Cadbury brand owner, Kraft has kept true to character by putting profits before criticism in the knowledge that today’s consumers will put up with just about anything in a climate of fear and uncertainty.
Kraft has cut the size of many of its Cadbury brand chocolate bars – whilst keeping confectionary prices at pre-size reduction costs.
For example, a squatter version of Cadbury Dairy Milk bar has two less chunks, but still costs £1 at the till.
Toblerone has removed an entire ‘mountain’ from its bar.
Similar cuts have been applied to British brand favourites such as Mars, Snickers, Yorkie and Rolo.
· Rolo has been reduced from 11 portions to 10.
· Yorkie – 68g to 64.5g – a ‘chunk’
· Snickers is 7.2% smaller.
· Mars – 7.2% smaller.
Even the iconic Dairy Milk bar is now 120g from 140g. (Again its retail price has not been cut accordingly).
Kraft justified the slices by pointing to excessive charges for cocoa. (The commodity’s price rose to a six-month high, following reports of an export ban by the Ivory Coast – one of world’s key producers).
Last year the American company reneged on its promise not to close a Cadbury factory in Bristol.
Consumer Focus, an organisation that represents customer interests, told reporters, “Shrinking the size but not price of products could damage consumers’ trust in the brand they love”.
On the defence, Cadbury said, “… We believe our confectionary still represents very affordable treat.”
From a Brandforensics perspective, the trend is worrying. Brands including Dairylea, Pringles and Heinz have also used a comparable ploy.
The question now is just how far brands are willing to go to further gamble customer loyalty? How many more cuts, will consumers naively put up with before questioning the motives of brand ‘leaders’ that spend millions of pounds carefully nurturing imageries to suggest that they are people- before profits led organisations?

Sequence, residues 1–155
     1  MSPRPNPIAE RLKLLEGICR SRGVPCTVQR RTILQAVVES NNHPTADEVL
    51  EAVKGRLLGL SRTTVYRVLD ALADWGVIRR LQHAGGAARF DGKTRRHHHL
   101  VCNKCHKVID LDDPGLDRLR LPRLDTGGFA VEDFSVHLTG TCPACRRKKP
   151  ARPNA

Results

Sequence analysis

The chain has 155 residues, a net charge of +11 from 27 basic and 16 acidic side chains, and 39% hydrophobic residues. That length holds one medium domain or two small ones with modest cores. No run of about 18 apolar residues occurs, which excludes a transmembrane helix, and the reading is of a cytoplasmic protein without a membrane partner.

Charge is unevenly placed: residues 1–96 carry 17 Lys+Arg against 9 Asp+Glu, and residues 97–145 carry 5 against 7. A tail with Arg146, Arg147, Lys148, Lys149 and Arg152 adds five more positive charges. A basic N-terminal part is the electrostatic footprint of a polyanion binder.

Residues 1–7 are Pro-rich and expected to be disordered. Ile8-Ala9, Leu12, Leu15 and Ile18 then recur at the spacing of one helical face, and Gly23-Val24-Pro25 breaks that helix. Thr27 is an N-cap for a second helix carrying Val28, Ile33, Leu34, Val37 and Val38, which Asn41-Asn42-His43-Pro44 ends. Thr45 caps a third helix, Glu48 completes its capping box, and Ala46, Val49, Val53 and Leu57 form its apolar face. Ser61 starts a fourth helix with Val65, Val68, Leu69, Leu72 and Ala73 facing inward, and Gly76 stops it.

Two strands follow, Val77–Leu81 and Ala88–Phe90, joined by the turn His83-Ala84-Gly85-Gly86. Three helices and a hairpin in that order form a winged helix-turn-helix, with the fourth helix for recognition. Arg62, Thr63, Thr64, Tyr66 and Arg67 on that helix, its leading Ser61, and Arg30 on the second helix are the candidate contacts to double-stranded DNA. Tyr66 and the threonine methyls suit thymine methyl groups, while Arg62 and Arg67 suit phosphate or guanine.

Years ago the British Prime Minister, Margaret Thatcher declared, “There’s no such thing as society. There are individual men and women and there are families.”
Today’s gates leading to the utopian ‘Big Society’ are draped with a banner which reads ‘austerity will give you purpose’.
Thin on excuses
Using obesity as central to its logic for justifying less for more, back in 2009, the Food Standards Agency said it wanted food and drink companies to start manufacturing smaller sizes, “which in time will become the standard”.
Arguably, that motive was noble.
However in today’s world of increasing divide between money-strapped consumers and certain bonus-bloated brand leaders, this ‘shared austerity’ could be viewed as little more than a propaganda ploy to create communal apathy.
In the short-term that is good for brands wishing to placate shareholders.
Long term it could spell trouble as it dawns on consumers that despite all the marketing hype, it turns out that only ones who really believe they are ‘worth it’ are the same organisations which keep on insipidly ‘swearing on their mother’s life’ that the public still has a choice and comes first – honest.
This may be just one example of brand conceit and arrogance that is simply too hard for any consumer to swallow or shareholders to profitably sustain.